Choosing A Homeschooling Method
Deciding to homeschool is a huge step toward a new lifestyle. The homeschool curriculum industry has become enormous. A plethora of educational companies are offering an overwhelming variety of options which all translate into one word for new homeschoolers; decisions. How is a parent supposed to know which choices will work for her family?
It’s so easy to picture the kids sitting nicely at the dining room table, with a neat stack of books and an apple by Mom’s teacup. For families with compliant children, and no educational objections to the merits of mimicking the schools, school-at-home might be the perfect solution.
There are several vendors of pre-packaged curriculum products. Some programs offer record-keeping, homework help and parental support via the telephone or Internet. Sonlight, a literature based curriculum, even offers a full refund guarantee. Although, to be fair, their curriculum is quite flexible and involves a lot more snuggling up with good books than sitting at a desk memorizing facts.
A popular choice lately – computer-based schools – offers families more interaction with other online students in chat room environments and access to “teachers” via email and message forums. Online learning is often favored by families with busy lifestyles. Lisa Whelchel, the actress who played “Blair” in TV’s Facts of Life, and author of So You’re Thinking About Homeschooling [Multnomah Publishers, Inc., 2003] used an online school for her children’s education while she was promoting her book release.
Online schooling removes the child from the physical classroom without placing the burden of lesson plans and teaching upon the parents. Online homeschooling is also a good choice for parents who might be afraid to take full responsibility for the educational fate of their children.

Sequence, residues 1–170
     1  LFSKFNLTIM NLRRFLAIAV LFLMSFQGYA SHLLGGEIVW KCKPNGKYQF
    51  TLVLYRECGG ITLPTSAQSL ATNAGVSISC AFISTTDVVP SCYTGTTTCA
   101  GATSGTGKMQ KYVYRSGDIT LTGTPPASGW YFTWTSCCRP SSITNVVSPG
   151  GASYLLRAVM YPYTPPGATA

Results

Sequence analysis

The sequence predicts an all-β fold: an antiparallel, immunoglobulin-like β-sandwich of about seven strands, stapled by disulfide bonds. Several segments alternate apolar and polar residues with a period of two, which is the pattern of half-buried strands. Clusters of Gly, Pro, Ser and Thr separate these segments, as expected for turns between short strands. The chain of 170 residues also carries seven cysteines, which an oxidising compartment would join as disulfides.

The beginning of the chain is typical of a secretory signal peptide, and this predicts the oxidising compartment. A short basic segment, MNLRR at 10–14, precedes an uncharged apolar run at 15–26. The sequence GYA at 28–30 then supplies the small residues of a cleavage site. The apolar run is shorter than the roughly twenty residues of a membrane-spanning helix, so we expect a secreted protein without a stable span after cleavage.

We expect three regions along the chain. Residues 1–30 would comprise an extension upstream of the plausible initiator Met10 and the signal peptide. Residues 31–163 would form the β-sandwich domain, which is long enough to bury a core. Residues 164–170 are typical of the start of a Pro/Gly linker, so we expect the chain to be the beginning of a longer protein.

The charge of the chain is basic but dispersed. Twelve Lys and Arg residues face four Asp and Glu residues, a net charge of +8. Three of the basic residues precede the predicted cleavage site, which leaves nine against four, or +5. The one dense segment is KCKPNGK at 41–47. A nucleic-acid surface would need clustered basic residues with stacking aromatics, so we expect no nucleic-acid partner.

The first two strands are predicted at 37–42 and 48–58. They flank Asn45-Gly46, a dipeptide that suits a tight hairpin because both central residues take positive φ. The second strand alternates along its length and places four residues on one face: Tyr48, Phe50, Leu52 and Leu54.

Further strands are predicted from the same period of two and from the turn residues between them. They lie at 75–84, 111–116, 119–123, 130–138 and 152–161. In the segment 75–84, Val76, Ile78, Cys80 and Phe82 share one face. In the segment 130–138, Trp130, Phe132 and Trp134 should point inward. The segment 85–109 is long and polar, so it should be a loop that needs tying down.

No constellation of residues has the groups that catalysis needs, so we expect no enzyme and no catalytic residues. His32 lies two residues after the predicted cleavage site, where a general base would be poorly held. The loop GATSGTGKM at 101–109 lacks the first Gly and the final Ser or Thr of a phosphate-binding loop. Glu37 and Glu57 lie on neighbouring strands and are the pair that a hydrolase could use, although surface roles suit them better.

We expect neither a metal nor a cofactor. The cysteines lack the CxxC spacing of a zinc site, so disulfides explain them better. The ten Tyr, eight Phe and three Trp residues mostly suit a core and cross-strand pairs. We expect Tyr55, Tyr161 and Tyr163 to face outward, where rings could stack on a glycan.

Classical learning has many catchphrases. A Thomas Jefferson Education and the Charlotte Mason method are just two of them. Often history and literature rich, and based on a trivium of increased understanding, they rely heavily on developing writing and communication skills, feature high quality books including “The Classics,” and include a great deal of discussion and reflection. The Well Trained Mind by Susan Wise Bauer [Peace HIll Press, 2004] is a handy guide for understanding and getting started with a Classical Education.
Families who are comfortable throwing away the textbooks and not inflicting any sort of lesson plan or agenda upon their child’s education might want to try unschooling. Unschooled children are free to learn (or not) according to their own whims and aren’t directed to working from workbooks or textbooks. Learning for an unschooler is the result of pursuing an interest and self-studying it until the interest is satisfied.
According to a poll on the Mothering Magazine message boards, most home schoolers consider themselves “eclectic.” An eclectic homeschooler “takes the best and leaves the rest.” Using the most appropriate aspects of each method is the perfect way for many families to customize the education of their children to meet the many needs of the family.
An important thing for prospective homeschoolers to do is to honestly evaluate their ability and desire to work within the homeschooling framework they are most attracted to. Participating in a network of families (online or in a local support group) who are actively homeschooling will provide feedback and tips to help new families find their way.